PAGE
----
20. 20. 20 Chapter 2: Macromedia Flash (SWF) File Format 6
  21. 21. CHAPTER 3 Basic Data Types This section describes the basic data types that make up the more complex data structures in the Macromedia Flash (SWF) File Format. All other structures in SWF are built on these fundamental types. Coordinates and Twips SWF stores all x-y coordinates as integers, usually in a unit of measurement called a twip. In the SWF format, a twip is 1/20th of a logical pixel. A logical pixel is the same as a screen pixel when the movie is played at 100%—that is, without scaling. For example, a rectangle 800 twips wide by 400 twips high is rendered as 40 by 20 logical pixels. Fractional pixel sizes are approximated with antialiasing. A rectangle 790 by 390 twips (39.5 by 19.5 pixels) appears to have slightly blurred edges. Twips are a good compromise between size and precision. They provide sub-pixel accuracy for zooming and precise placement of objects, while consuming very few bits per coordinate. Coordinates in SWF use the traditional graphics axes: x is horizontal and proceeds from minimum values at the left to maximum values at the right, and y is vertical and proceeds from minimum values at the top to maximum values at the bottom. Integer Types and Byte Order SWF uses 8-bit, 16-bit and 32-bit, signed and unsigned integer types. All integer values are stored in the SWF file using little-endian byte order: the least significant byte is stored first, and the most significant byte is stored last, in the same way as the Intel x86 architecture. The bit order within bytes in SWF is big-endian: the most significant bit is stored first, and the least significant bit is stored last. For example: The 32-bit value 0x456e7120 is stored as: 20 71 6e 45 The 16-bit value 0xe712 is stored as: 12 e7 All integer types must be byte-aligned. That is, the first bit of an integer value must be stored in the first bit of a byte in the SWF file. 21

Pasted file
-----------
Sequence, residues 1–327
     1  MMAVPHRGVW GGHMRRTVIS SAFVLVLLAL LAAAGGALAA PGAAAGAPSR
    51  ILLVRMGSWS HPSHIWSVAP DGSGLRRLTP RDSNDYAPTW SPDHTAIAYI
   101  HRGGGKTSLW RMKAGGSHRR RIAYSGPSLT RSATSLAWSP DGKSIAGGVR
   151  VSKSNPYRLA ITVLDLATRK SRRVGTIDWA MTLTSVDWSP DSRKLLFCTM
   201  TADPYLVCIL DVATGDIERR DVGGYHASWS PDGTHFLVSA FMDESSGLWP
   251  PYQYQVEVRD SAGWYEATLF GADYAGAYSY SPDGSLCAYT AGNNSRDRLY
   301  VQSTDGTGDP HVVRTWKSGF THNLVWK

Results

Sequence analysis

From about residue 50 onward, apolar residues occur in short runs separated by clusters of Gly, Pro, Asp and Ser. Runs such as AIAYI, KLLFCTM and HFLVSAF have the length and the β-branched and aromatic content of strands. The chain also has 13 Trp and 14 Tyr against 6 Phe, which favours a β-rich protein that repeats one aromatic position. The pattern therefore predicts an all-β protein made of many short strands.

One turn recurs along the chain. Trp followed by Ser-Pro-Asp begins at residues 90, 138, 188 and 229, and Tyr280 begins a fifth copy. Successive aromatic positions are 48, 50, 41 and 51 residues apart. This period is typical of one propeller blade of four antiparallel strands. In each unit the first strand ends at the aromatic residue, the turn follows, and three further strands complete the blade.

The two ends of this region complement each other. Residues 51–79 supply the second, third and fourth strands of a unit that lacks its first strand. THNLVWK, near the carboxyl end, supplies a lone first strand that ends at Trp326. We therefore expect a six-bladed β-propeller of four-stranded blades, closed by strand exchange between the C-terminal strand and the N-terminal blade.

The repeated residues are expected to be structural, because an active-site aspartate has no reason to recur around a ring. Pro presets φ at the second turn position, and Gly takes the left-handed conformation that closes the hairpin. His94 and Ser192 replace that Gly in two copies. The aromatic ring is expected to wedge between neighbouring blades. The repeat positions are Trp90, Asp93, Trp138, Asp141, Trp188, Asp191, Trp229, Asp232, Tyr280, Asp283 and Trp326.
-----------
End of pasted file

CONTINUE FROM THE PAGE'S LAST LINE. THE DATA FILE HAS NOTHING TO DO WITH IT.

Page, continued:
22. 22. Signed integers are represented using traditional 2’s-complement bit patterns. These are the signed integer representations used on most modern platforms. In the 2’s complement system, negative numbers have 1 as the first bit, and zero and positive numbers have 0 as the first bit. A negative number -n is represented as the bitwise opposite of the positive/zero number n-1. Integer Types Type Comment SI8 Signed 8-bit integer value SI16 Signed 16-bit integer value SI32 Signed 32-bit integer value SI8[n] Signed 8-bit array - n is number of array elements SI16[n] Signed 16-bit array - n is number of array elements UI8 Unsigned 8-bit integer value UI16 Unsigned 16-bit integer value UI32 Unsigned 32-bit integer value UI8[n] Unsigned 8-bit array - n is number of array elements UI16[n] Unsigned 16-bit array - n is number of array elements UI32[n] Unsigned 32-bit array - n is number of array elements Fixed Point Numbers Fixed values are 32-bit 16.16 signed fixed-point numbers. That is, the high 16 bits represent the number before the decimal point, and the low 16 bits represent the number after the decimal point. FIXED values are stored like 32-bit integers in the SWF file (using little-endian byte order) and must be byte-aligned. For example: The real value 7.5 is equivalent to: 0x0007.8000 This is stored in the SWF file as: 00 80 07 00 FIXED Type Comment FIXED 32-bit 16.16 fixed-point number Bit Values Bit values are variable-length bit fields that can represent three types of numbers: 1 Unsigned integers 2 Signed integers 3 Signed 16.16 fixed-point values. 22 Chapter 3: Basic Data Types